- Benefits - Risks
- Laws, Regulations & Performance Standards
- Required Reports for the Televisions and Video Display Monitors Manufacturers or Industry
- Industry Guidance
- Other Resources
Today, modern computers displays and televisions (TVs) today use liquid crystal display (LCD), Light-emitting diodes (LED), plasma, or other technologies that do not contain cathode ray tubes (CRTs).
A CRT is a specialized vacuum tube that can be used to receive and display images on an electronic screen. In the early 1960s, some TVs with CRTs were found to emit excessive x-radiation, and a federal performance standard was created to protect the public from this hazard. In the years that followed, the electronic technology for TVs and computer monitors with CRTs changed so drastically that the level of risk of x-ray exposure became almost non-existent. Manufacturers of products that still use CRTs must certify that their products comply with the federal performance standard for the life of the product.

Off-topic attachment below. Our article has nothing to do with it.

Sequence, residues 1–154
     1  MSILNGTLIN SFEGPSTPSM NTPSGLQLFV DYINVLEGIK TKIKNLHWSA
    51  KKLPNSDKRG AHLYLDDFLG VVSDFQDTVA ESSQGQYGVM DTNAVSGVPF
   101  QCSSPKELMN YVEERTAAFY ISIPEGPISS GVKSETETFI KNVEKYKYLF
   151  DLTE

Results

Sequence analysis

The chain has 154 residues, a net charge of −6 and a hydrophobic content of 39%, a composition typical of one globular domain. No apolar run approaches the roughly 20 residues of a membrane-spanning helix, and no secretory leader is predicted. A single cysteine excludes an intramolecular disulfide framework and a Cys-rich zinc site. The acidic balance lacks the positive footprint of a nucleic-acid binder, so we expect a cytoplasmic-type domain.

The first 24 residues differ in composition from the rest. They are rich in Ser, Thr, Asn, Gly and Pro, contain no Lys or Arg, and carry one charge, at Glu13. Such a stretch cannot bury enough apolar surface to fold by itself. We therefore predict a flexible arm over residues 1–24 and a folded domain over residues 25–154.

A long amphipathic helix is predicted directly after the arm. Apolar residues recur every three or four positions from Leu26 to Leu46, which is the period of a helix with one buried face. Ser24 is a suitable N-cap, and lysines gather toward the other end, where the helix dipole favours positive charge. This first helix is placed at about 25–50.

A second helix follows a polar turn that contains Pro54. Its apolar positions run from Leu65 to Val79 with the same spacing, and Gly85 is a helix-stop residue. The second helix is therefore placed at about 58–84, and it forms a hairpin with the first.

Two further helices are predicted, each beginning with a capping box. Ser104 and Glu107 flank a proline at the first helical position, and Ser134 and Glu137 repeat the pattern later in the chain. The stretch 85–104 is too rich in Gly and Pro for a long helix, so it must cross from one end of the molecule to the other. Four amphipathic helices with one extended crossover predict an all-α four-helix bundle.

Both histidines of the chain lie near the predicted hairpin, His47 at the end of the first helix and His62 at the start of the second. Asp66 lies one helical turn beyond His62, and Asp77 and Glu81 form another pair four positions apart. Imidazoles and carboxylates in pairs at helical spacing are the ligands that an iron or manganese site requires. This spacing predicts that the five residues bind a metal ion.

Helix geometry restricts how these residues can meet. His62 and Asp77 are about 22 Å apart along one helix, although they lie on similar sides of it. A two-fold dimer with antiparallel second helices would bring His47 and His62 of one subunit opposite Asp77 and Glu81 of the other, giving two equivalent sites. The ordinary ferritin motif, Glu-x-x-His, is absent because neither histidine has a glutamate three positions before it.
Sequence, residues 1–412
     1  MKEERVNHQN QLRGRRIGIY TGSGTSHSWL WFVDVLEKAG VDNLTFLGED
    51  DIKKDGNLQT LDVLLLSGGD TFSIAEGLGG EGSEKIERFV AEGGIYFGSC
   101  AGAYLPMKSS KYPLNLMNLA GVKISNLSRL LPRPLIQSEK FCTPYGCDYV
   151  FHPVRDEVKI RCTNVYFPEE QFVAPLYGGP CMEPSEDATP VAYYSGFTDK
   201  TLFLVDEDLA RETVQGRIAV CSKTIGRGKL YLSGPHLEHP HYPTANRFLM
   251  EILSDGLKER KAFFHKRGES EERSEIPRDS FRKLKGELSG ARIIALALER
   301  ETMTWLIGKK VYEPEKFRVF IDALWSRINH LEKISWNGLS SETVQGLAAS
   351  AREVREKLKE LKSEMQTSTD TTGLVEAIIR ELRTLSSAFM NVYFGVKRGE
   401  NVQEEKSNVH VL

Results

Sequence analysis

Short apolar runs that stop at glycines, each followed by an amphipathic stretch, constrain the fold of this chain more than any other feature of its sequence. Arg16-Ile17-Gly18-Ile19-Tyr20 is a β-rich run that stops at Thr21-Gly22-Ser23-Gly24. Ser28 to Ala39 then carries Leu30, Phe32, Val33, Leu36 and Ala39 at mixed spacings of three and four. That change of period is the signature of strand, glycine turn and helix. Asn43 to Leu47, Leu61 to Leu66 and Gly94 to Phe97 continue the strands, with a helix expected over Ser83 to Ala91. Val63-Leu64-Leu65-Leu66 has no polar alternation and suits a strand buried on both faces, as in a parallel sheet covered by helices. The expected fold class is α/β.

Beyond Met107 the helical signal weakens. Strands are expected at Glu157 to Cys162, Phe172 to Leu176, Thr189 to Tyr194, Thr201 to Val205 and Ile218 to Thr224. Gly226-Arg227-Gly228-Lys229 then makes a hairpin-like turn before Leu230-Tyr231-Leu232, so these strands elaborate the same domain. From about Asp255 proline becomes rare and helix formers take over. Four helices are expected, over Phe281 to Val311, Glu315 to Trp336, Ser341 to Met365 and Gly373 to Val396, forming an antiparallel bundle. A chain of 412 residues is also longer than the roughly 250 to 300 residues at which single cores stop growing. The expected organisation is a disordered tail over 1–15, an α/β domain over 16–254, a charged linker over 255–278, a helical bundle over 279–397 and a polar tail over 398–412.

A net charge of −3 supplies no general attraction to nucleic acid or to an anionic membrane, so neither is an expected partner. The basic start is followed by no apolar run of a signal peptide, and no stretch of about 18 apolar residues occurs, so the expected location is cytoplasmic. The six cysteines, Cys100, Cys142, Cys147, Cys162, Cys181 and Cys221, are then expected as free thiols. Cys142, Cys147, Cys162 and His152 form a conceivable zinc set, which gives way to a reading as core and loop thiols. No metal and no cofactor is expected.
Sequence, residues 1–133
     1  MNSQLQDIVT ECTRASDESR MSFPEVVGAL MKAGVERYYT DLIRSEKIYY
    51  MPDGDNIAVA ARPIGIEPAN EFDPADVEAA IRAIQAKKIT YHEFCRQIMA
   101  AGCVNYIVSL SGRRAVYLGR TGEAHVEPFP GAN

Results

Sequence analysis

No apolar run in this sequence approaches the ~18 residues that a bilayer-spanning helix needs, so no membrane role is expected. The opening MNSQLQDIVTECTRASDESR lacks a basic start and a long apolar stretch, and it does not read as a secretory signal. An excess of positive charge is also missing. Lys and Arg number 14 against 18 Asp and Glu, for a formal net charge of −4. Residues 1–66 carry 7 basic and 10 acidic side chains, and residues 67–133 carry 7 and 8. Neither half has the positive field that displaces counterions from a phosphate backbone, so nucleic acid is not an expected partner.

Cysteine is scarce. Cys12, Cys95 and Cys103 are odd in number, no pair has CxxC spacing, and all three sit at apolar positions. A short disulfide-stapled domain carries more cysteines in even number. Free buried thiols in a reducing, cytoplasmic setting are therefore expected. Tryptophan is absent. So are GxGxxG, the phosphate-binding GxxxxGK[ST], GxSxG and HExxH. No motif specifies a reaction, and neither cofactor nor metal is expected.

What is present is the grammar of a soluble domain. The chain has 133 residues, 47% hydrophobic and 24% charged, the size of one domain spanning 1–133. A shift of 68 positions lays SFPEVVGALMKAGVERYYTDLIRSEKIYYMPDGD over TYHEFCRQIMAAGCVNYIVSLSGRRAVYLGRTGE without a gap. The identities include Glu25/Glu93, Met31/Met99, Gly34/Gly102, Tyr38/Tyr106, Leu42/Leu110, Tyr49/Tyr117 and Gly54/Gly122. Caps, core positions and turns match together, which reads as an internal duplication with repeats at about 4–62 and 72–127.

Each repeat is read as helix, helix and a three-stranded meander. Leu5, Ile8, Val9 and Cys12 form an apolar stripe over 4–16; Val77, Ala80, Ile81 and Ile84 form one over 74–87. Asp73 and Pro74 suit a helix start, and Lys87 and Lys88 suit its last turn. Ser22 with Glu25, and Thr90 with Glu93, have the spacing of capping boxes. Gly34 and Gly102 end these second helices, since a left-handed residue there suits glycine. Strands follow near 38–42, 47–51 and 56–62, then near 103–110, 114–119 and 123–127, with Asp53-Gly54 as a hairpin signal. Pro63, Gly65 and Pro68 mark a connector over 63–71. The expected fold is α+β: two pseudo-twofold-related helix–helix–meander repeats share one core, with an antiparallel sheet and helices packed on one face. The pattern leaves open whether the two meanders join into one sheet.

Modern TV receivers and computer monitors provide a benefit for entertainment and information display in many settings. TV receivers and computer monitors containing CRTs no longer pose a risk of emitting any x-radiation. Since the creation of the federal performance standard, the FDA has tested hundreds of TV receivers and computer monitors and rarely encountered any that were unsafe. Most modern computer monitors and televisions (TVs) today use liquid crystal display (LCD), Light-emitting diodes (LED), or plasma and do not contain CRTs or emit x-radiation.
Manufacturers of electronic radiation emitting products sold in the United States are responsible for compliance with the Federal Food, Drug and Cosmetic (FD&C) Act, Chapter V, Subchapter C - Electronic Product Radiation Control.
Manufacturers of televisions and video display products are responsible for compliance with all applicable requirements of Title 21 Code of Federal Regulations (Subchapter J, Radiological Health) Parts 1000 through 1005:
In addition, TV receivers and monitors with CRTs must comply with radiation safety performance standards in Title 21 Code of Federal Regulations (Subchapter J, Radiological Health) Parts 1010 and 1020:
- Date of Manufacture Label on Radiation-Emitting Consumer Electronics
- Guidance for Industry and FDA Staff - Addition of URLs to Electronic Product Labeling
- Variance Application Process